Monday, November 23, 2009

Happy Thanksgiving to All

Happy Thanksgiving to all of you.  I hope and pray that all you family travel is safe and the turkey is good.  All of our kids and grandkids will be with us this year.  It will be a joyous occasion.

Yesterday we got four inches of snow and the roads were a mess.  At my bird feeders we had over a hundred wanted and unwanted guests and they emptied the feeders quickly and then moved on.  After the snow lightened a little I went out to get a few pictures.

Here is a seed pod left over from the summer.

Another picture is of a cattail with a few snow flakes falling.

The last picture is of hollyhock seed pods holding the fluffy white snow up.  Beautiful but dangerous - just like some people.

A very wild day in Idaho.  Happy Thanksgiving again.

Saturday, November 21, 2009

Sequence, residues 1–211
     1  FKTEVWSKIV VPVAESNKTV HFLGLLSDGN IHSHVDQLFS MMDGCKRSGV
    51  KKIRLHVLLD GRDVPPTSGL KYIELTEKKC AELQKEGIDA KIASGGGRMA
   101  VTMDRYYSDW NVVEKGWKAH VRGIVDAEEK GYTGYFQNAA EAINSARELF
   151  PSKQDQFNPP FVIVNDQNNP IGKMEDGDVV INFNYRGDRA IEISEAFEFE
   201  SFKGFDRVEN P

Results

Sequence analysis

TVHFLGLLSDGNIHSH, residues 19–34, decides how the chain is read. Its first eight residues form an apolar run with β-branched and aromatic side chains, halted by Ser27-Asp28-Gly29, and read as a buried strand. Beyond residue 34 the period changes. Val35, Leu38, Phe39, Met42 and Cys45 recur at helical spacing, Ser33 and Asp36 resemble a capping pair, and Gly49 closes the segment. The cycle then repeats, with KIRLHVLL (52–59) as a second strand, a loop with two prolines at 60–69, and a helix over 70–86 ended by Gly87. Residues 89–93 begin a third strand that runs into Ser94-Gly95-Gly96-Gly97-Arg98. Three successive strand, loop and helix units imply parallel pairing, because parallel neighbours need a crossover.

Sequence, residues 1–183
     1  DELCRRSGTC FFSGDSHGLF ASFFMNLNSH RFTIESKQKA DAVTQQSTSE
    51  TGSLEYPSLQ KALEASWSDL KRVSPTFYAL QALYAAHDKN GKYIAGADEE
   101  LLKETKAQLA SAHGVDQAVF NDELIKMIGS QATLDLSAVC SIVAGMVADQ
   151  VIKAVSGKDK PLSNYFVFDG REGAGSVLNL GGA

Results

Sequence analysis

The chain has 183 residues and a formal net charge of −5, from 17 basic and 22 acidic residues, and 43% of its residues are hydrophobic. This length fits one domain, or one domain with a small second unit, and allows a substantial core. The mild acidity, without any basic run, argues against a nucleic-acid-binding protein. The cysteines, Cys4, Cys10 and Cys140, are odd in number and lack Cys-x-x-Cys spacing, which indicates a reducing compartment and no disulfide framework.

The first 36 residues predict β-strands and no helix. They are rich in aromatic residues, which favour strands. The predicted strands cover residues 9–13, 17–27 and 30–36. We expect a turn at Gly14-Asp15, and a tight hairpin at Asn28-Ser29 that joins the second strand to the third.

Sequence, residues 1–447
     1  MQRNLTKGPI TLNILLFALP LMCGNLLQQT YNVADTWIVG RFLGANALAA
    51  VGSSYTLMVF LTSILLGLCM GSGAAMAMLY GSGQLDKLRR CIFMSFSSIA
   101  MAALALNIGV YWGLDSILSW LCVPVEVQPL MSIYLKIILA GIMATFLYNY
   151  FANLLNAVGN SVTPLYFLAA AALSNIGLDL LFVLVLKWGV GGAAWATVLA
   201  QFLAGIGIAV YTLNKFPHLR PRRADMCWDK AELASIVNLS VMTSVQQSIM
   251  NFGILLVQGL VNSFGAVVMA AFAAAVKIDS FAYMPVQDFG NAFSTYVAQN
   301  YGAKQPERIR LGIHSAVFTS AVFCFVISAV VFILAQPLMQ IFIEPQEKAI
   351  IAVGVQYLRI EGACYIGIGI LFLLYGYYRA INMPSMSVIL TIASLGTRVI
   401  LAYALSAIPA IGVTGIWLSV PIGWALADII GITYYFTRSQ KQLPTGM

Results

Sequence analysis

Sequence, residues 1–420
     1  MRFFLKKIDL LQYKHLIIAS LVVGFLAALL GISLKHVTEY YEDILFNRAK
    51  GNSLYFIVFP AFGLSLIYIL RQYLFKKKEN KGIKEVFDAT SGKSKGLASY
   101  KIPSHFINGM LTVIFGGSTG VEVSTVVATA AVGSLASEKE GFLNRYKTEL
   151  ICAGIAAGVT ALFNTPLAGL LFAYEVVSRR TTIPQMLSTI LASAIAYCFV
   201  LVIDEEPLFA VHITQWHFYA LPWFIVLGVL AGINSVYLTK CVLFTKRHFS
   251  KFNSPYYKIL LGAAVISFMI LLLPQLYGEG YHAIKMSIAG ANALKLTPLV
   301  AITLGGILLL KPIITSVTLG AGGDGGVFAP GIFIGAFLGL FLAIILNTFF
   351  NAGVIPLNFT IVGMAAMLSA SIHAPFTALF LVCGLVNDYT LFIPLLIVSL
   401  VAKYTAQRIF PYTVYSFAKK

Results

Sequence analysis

Methuselah - The Sharp-tailed Grouse

A person quarried the other day about my header - Is it a grouse?  The two fighting cocks are Sage Grouse.  Another person asked if we have Sharp-tailed grouse.  We do and I also take thousands of picture of them each spring.
In 2006, I located a banded Sharp-tailed grouse on and lek and watched him all season.  This is the story I wrote for the newspaper about him.  These pictures are all pictures of him. 

Methuselah – beating the odds. (June 2006)

Not many game birds live longer than two to four years, but one smart Columbia sharp-tailed grouse is beating the odds.

This spring while photographing sharp-tails and sage grouse on their leks, I noticed one male with a band on its left leg. I also noticed that its habits were totally different than the other male sharpies. After several calls and research, I discovered the last banding program on sharp-tails was in the mid 1990’s.

“I believe the last sharp-tails banded in the Upper Snake River Valley were in 1994,” said Justin Naderman, a wildlife biologist for the Idaho Department of Fish and Game. “I really don’t think that it would be a migrant bird. So it is either an old bird or someone has banded it without our knowledge.”